- Make an online gift at https://www.lcms.org/givenow/disaster.
- Mail checks payable to “The Lutheran Church—Missouri Synod” (with a memo line or note designating “LCMS Disaster Relief”) to The Lutheran Church—Missouri Synod, P.O. Box 66861, St. Louis, MO 63166-6861.
- Call toll-free 888-930-4438 (8:10 a.m. to 4:10 p.m. CST, Monday through Friday).
Adriane Dorr is associate executive director for Strategic Communications for the LCMS.
Breaks my heart to see this destruction and peoples lives turned upside down. Hope is in Christ Jesus, for he is strongest at our time of weakness. We must remember His suffering on the cross brings us close to Him for He too knows pain and loss. Its also in His resurrection that we know that our time on earth is only temporary but the glory of God is forever and that we too, who call Him savior, will have ever lasting life.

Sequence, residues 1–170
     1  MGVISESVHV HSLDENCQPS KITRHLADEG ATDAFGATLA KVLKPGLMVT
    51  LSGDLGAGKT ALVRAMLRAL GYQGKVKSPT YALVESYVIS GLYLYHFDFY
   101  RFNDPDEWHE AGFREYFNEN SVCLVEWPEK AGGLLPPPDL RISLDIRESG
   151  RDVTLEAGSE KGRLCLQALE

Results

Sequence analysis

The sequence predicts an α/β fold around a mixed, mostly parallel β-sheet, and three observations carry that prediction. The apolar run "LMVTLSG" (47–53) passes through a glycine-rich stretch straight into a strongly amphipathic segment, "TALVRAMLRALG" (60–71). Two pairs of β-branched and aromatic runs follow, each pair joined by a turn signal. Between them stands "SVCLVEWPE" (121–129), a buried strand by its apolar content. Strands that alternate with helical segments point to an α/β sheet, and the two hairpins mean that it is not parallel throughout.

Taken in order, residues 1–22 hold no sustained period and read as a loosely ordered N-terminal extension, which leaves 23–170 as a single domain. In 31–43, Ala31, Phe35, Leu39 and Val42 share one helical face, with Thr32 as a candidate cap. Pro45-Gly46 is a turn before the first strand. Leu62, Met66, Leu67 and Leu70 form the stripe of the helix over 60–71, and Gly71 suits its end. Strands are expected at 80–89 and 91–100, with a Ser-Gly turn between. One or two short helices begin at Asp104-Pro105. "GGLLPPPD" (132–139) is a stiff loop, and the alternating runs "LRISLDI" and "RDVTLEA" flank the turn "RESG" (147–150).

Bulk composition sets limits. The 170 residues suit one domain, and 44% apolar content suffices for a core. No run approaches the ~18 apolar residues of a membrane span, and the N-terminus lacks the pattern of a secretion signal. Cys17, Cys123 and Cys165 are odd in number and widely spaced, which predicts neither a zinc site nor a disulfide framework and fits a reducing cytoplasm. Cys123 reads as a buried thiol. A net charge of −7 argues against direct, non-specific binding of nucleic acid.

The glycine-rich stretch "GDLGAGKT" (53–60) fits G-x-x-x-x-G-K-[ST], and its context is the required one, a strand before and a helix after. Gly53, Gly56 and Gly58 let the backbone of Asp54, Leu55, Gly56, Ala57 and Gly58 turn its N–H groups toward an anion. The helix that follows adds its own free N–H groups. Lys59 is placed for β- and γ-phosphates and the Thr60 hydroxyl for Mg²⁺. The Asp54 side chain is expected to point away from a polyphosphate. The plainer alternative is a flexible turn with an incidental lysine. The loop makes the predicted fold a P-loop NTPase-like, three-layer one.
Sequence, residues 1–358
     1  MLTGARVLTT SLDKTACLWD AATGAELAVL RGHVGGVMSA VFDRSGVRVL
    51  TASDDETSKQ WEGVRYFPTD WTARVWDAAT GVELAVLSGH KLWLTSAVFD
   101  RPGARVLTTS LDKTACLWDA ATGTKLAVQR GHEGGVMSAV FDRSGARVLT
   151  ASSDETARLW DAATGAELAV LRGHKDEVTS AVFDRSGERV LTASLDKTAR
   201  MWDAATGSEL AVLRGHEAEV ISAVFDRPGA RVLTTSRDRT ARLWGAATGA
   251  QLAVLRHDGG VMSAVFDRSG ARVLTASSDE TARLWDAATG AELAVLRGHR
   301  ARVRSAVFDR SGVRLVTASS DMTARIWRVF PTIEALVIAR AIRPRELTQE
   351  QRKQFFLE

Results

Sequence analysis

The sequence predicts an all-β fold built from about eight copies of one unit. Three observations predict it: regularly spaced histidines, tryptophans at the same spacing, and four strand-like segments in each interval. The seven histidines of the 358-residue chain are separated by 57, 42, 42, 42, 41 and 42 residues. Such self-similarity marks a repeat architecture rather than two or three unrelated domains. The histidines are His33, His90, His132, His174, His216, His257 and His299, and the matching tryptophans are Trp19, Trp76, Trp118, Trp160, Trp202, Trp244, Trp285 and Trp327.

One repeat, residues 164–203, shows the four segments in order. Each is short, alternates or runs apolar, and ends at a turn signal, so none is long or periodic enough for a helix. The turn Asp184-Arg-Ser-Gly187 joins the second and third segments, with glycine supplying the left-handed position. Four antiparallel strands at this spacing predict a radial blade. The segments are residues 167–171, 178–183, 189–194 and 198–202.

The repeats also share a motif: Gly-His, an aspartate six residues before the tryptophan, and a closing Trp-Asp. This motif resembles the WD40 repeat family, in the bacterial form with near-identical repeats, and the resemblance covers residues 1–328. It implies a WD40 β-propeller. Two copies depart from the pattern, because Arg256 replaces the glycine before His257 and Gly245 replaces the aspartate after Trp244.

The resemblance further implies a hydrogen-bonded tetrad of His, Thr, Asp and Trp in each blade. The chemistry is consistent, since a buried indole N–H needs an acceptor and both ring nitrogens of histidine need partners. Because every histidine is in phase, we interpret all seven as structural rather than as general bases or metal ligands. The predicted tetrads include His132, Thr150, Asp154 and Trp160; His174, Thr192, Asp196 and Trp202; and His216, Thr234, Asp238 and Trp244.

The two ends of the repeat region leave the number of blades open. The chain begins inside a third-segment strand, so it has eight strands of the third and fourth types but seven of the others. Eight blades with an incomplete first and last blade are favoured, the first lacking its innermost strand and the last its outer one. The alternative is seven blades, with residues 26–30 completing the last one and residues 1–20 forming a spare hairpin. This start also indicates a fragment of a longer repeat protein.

Pray for those effected by this tragedy. That they can feel the peace of God, the Holy Spirit and of Christ Jesus, the Blessed Trinity. That they can come closer to Him. Pray for those have not heard His word, that they can come to know his Peace and Glory and share everlasting life in the world to come. Pray this in His glorious name…Amen
Christ is the Light of the world…in His Light, we will always see light…Let us pray for those who suffer loss in Moore, that our Lord will comfort them and give them immeasurable peace. For those of us more fotunate to be spared this disaster, let our hearts and minds be open to the Gospel of Christ Crucified and Risen to reach out as Church to assist with the reconstruction of this community, both in a physical sense and in a spiritual sense. God bless the ministry of Vicar Uphoff, now and in the future.